Sharks and freaking laser beams.
Location: Baton Rouge, LA
Date played: October 6, 2017
Team size: 4-8; we recommend 5-6
Duration: 60 minutes
Price: $28 per ticket
Story & setting
We entered the recently discovered bunker of a former Nazi inventor who had infiltrated the United States after World War II. The inventor was a known pioneer in rocketry as well as atomic weaponry, but it is also believed that he was an early and secret pioneer in artificial intelligence. A previous agent had been sent to learn the secrets of this bunker, but he had disappeared. It was up to us to see if we could learn the true nature of this facility and learn the fate of the missing agent.
As with the story, Agent 13’s set was eclectic and detailed. Walking a few feet through a doorway could take us to a completely different world from the one that we had occupied mere moments before. The build quality and attention to detail were beyond incredible… which is true of every room offered by 13th Gate Escape.
In the service of furthering the adventure, 13th Gate Escape filled Agent 13 was many massive set pieces and interactions that did not serve a purpose other than to be really freaking cool. Almost any other escape room company wouldn’t have even thought to add this level of detail.
The beating heart of Agent 13 was technology.
Agent 13 required many different skills including observation, correlation, logic, deduction, communication, and even agility. In general, we engaged the expansive and detailed set to work toward solutions, which we entered in the form of buttons, switches, or the like.
The puzzling in Agent 13 was a team effort.
Agent 13 had multiple sets, each more exciting than the last. These were detailed and beautiful. 13th Gate Escape designed intricate and incredible set pieces that were… just set pieces to instill drama. These enhanced the look and feel of each gamespace and made Agent 13 into an emotional rollercoaster of an escape room.
While some of the elaborate set pieces were there simply to add drama, others were deeply involved in the puzzling.
The transitions were incredible. They were surprising and included fantastic effects.
One physically intense stretch of game was designed such that we had to work together to advance. Accomplishing this challenge required at least 4 people.
Agent 13’s narrative was disjointed. It more or less time-hopped and felt like World War II-meets-Portal. While all of the individual interactions looked cool, we never fully bought into this futuristic 70-year-old-bunker-meets-lab.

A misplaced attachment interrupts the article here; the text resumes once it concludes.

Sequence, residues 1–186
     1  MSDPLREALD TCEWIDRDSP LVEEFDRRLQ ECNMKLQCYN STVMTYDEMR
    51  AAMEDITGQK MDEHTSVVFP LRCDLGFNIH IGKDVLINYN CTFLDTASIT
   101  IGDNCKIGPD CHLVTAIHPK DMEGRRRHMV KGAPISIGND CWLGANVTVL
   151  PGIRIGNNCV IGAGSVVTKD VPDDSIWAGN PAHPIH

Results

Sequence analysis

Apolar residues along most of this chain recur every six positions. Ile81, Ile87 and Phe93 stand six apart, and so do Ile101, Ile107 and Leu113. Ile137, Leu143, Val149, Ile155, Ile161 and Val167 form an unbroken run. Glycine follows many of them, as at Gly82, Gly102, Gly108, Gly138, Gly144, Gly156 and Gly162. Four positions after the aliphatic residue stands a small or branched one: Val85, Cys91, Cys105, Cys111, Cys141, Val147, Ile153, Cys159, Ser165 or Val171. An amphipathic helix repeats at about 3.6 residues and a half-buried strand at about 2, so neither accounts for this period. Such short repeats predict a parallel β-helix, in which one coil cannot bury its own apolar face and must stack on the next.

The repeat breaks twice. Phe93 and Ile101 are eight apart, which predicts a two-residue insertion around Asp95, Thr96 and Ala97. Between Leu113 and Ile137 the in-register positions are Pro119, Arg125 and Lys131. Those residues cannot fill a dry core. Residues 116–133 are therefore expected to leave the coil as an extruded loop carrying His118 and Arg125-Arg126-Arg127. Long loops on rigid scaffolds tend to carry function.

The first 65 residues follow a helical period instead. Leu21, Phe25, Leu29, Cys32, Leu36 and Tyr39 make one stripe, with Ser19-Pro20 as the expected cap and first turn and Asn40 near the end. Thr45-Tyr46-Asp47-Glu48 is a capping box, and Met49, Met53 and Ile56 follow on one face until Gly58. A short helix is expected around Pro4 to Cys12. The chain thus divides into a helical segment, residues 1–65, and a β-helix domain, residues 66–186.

A few puzzles lacked adequate clue structure. In one instance, we recommend the tech either accept variant solutions, or the clues be more specific.
13th Gate Escape could tweak the tech slightly to make it more reliable. For example, eliminate the use of a live internet connection to feed critical information that could be hosted locally.
Agent 13 bottlenecked in the climactic moments of the escape room. We ended up largely bypassing the intended communication puzzle, as it overstayed its welcome and was bogged down by lengthy documents, some relevant and others red herrings.
All of 13th Gate Escape’s rooms use Escape Room Boss for automated hints. If you’re curious about the details, feel free to read this post on the subject. Beyond that I’ll say that 13th Gate Escape’s gamemasters were fantastic and I wish that they had more direct control over the experience.
Should I play 13th Gate Escape’s Agent 13?
Agent 13 was impressive. The set was enormous and detailed, with each segment so different from the others. The tech and effects were incredible.
As the sets changed, so too did the puzzle types, which was exciting. The variation, however, contributed to a disparity in fun versus frustration. A few of the puzzles didn’t quite tip the scale in the fun direction.
Agent 13 contains challenging puzzles that rely on communication and teamwork. We expect that Agent 13 would be exceedingly difficult for newer players and is probably best enjoyed by more seasoned players.
As you play though Agent 13, you’ll traverse what feels like the past, the present, and even the future. And that is worth seeing.
Book your hour with 13th Gate Escape’s Agent 13, and tell them that the Room Escape Artist sent you.
Full disclosure: 13th Gate Escape comped our tickets for this game.